Political Theory Courses
Political theory explores, in a philosophical manner, the ways that societies are governed and could be governed. Political Science courses with a "1" as the second number have been designated as delivering primarily political theory content. (note: applicable credit restrictions and prerequisites not shown -- see courses page for detailed information)
Political Science Honours and Majors candidates may wish to apply political theory courses towards an optional concentration in Global Studies. A recommended course sequencing for students interested in political theory is as follows:
- Begin with 1000 Introduction to Politics and Government. Also, consider taking one of 1010 Issues in Canadian Politics or 1020 Issues in World Politics.
- Next, take 2100 Introduction to Political Theory.
- Then, take some 31xx courses (more specialized political theory content).
- Finally, take 41xx courses (advanced seminars in political theory).
1000 Introduction to Politics and Government: An introduction to the study of politics, power, law, public policy and government, touching on major areas of political ideologies, institutions, and current domestic and international political issues. Suitable for students in all disciplines seeking an introduction to political science.
2100 Introduction to Political Theory: A survey of the most important political thinkers and schools of political thought. The course will ordinarily cover major political thinkers and include a selection of contemporary political ideologies.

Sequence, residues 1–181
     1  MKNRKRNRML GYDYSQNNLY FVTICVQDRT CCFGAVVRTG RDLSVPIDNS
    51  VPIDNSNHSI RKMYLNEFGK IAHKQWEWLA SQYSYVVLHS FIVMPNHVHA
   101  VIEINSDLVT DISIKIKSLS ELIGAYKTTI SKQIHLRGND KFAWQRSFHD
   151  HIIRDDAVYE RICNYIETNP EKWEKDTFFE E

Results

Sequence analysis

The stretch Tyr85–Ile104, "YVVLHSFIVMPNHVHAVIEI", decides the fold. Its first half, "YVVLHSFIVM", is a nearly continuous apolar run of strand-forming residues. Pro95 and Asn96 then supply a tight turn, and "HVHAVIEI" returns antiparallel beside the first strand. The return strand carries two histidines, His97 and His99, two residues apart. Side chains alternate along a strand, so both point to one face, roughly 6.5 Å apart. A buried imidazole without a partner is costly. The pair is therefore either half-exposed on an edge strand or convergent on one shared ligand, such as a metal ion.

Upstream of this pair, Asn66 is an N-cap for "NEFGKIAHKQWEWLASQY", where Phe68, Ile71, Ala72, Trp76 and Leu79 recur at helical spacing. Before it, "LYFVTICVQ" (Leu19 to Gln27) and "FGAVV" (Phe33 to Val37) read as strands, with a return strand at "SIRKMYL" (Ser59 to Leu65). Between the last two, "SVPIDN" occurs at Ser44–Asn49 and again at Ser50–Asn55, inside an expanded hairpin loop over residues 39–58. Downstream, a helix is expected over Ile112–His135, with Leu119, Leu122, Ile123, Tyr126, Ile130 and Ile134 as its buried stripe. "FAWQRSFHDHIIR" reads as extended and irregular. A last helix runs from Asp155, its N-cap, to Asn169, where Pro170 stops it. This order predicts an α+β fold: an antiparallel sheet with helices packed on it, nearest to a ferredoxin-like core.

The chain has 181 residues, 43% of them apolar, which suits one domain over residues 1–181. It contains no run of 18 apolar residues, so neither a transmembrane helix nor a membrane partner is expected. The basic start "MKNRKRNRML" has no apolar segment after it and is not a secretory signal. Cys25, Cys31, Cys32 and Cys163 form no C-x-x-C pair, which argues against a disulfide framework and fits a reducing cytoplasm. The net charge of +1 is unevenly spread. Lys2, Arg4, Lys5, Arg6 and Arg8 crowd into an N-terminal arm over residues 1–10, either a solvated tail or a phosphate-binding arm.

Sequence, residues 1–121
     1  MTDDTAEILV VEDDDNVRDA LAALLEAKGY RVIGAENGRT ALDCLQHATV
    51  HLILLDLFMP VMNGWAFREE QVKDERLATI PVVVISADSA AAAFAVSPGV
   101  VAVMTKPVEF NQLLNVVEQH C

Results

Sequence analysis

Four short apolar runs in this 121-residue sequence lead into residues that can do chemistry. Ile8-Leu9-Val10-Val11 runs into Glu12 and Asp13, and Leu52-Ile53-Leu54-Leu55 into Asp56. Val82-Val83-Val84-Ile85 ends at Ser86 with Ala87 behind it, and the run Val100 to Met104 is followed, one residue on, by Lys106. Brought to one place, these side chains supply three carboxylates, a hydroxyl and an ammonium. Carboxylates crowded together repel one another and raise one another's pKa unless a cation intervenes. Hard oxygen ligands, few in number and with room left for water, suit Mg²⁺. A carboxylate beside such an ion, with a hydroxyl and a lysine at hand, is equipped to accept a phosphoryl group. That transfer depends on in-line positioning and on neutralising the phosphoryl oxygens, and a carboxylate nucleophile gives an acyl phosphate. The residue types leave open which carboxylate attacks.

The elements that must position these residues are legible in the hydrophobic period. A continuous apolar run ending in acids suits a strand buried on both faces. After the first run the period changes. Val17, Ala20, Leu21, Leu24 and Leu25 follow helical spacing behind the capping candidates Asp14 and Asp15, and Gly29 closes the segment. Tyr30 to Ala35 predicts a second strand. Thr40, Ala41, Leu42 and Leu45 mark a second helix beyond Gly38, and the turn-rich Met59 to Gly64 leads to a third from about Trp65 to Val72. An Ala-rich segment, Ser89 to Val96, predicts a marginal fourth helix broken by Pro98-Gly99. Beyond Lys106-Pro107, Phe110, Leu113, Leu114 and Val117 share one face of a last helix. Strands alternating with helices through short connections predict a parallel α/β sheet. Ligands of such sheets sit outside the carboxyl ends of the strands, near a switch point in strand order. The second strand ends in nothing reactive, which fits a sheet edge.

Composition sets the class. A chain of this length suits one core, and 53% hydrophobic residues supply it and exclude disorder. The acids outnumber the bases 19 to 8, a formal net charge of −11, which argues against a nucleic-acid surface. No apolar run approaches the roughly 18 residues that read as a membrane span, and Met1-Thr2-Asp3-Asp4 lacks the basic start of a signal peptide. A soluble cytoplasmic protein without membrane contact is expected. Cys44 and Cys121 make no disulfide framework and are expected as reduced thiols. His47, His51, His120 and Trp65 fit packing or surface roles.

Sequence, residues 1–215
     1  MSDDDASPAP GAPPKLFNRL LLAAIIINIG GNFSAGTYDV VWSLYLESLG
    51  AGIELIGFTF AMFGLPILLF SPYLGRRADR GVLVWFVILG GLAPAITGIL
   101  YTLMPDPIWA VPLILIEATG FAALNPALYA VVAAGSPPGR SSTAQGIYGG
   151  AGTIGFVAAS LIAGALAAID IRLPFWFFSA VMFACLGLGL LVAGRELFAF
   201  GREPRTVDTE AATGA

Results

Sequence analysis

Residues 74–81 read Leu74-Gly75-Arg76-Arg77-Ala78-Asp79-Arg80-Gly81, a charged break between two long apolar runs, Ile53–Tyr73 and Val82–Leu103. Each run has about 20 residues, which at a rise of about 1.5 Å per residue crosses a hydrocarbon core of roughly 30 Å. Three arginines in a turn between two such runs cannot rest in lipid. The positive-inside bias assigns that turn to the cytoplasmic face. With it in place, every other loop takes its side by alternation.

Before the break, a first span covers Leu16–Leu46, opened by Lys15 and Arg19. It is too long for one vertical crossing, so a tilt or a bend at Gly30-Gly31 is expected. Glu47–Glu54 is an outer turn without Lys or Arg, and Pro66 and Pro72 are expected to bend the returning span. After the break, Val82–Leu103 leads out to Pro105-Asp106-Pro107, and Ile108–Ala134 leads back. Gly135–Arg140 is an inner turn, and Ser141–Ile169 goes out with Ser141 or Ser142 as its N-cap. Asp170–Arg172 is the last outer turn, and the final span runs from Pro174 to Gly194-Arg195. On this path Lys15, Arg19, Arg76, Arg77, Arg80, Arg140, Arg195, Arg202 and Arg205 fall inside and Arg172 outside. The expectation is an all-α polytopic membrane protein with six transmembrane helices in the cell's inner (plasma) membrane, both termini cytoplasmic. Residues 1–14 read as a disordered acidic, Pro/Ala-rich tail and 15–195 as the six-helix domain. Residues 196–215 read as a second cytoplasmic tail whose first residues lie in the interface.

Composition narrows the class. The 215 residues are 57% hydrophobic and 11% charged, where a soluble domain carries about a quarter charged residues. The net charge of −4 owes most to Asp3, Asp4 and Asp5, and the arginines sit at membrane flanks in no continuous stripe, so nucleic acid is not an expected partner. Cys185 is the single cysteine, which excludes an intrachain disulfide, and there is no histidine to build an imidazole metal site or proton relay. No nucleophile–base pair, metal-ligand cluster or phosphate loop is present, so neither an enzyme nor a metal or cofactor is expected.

3100 Political Theory from Plato to Rousseau: Examines selected political theory from Plato to Rousseau. The theme of the course is the development of liberal democratic theory.
3110 Political Theory from Tocqueville to Present: Examines selected political theory from Tocqueville to the present. The theme of the course is the crisis in liberal democratic theory.
3140 Feminist Political Theory: Examines feminist scholarship that has challenged previously accepted notions in political theory, including definitions of politics itself, the distinctions between public and private, the nature of citizenship, and the roles of women in civil society. This course considers different ways of looking at power and political culture in modern societies, examining themes such as gender and democracy, race and class, poverty and welfare, sexuality and morality.
4100 Approaches to Political Theory: An introduction to the interpretation of political texts. Features historical and hermeneutical approaches to the study of political science.
4110 Multicultural Citizenship: Examines political theorists' interpretations and assessments of democracy and multiculturalism.
4120 Contemporary Democratic Theory: Examines alternative conceptions of the foundations of democracy. Theorists to be considered include Dworkin, Hayek, Nozick, Rawls, and Walzer.
Other political theory options: Political Science Honours and Major candidates may substitute Philosophy 3870 and 3890 for 3000-level Political Science credit hours (31xx), and Women's Studies 4005 for 4000-level Political Science credit hours (41xx).